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This was the first gameproject we worked on at The Game Assembly. The goal was to make an "Obstacle Runner" similiar to games like Temple Runner and Race The Sun. We wanted to make a more slowpaced alternative to those games.

For this game, me and my two Leveldesign partners did the layouts for each level, as well as populated the environments with props. The brunt of my work was on the fifth and final level, the second half of Level 4 and the original Level 3, which we ended up cutting due to flow and time-constraints.


  • Development time: 7 weeks part time

  • Engine: Unity

  • Genre: Obstacle Course Runner


Help the little mushroom-creature in their splashing journey Downstream! Avoid all kinds of hazards like logs, rocks, falling trees and hungry fishes.


Programming: Jonas Krantz - Jonathan Michaeli - Anton Johansson - Alex Möller - Ricky Chau

Graphic Design: Tim Persson - Ellen Johnson - Albin Canbäck

Graphic Design/Antimation: Tova Nyström - Veronika Mossum

Level Design: Niklas Olsson - Marcus Tegerhult - William Fredriksson


For this project we couldn't really do sketches in the traditional sense. Instead, paperdesign consisted of creating a general shape for the level and the views you wanted to present, and then breaking it down into a flowchart, where we planned for what types of challenges we wanted dotted throughout the level.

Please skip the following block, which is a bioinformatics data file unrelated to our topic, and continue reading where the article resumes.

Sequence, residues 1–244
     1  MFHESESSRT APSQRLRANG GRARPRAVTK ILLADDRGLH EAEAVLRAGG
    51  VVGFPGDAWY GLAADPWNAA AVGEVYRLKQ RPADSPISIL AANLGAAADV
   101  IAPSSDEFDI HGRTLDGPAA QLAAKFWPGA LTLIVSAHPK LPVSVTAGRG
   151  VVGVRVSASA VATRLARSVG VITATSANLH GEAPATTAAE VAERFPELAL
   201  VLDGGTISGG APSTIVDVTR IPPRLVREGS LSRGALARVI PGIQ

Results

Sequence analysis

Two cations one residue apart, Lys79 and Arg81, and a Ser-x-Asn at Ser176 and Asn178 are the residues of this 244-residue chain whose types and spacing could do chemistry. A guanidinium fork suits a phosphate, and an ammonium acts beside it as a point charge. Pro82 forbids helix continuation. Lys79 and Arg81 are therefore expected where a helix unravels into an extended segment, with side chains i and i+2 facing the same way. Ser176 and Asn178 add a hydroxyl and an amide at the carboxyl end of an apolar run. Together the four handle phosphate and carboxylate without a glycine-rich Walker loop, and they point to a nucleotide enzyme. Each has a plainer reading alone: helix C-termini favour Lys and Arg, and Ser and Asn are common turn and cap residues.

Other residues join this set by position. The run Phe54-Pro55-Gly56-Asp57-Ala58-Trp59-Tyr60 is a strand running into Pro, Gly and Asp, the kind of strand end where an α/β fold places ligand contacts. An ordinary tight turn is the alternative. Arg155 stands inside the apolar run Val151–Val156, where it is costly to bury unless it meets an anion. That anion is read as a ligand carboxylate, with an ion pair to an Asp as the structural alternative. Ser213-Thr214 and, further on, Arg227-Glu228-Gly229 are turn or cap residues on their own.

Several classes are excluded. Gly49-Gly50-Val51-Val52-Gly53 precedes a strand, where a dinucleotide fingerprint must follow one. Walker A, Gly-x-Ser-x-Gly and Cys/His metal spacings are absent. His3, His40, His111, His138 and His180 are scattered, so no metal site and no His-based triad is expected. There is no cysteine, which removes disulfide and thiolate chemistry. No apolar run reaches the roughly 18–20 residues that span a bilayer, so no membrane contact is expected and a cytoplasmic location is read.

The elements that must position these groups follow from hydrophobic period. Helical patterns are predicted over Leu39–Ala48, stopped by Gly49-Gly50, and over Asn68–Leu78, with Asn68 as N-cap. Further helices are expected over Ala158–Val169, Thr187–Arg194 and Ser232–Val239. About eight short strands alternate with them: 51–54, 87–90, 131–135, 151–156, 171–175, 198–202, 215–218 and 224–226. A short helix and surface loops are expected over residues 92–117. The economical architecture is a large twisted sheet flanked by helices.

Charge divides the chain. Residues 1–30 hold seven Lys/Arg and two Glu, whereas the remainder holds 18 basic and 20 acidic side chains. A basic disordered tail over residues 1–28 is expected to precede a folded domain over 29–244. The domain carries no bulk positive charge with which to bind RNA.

To emulate the feeling of acctually going down a river, with all the twists and turns that implies, we used a spline that ran through the entire level that the player followed. When we started working in Unity we first created a long "slide" out of simple shapes, which we then used as a mold for laying the spline along. As this was a fairly long process with little room for changing things up once the spline had been set, we often made the first itteration very long, as it was easier to remove splinepoints starting from the end, than the beginning or the middle.

Obstacles simply had to be placed along the spline. Once obstacles was placed it was all about playtesting and figuring out what felt good to play, what the beats of each level were, how the challenges chained into eachother and making sure the player had ample breathing room inbetween different segments. Once the level felt fun to play we started decorating using a large amount of meshes, like trees and rocks.

To make decorating easier, we created short "river segments," using the Unity prefab system, and then built with those. When the artists started handing us decorative props, we'd decorate each prefab with these. That way, we quickly filled each scene with props. This sped up what otherwise would've been a massive undertaking and made it possible for us to prop large stretches of land quickly that we later could go back to and touch up in order to get more unique areas.


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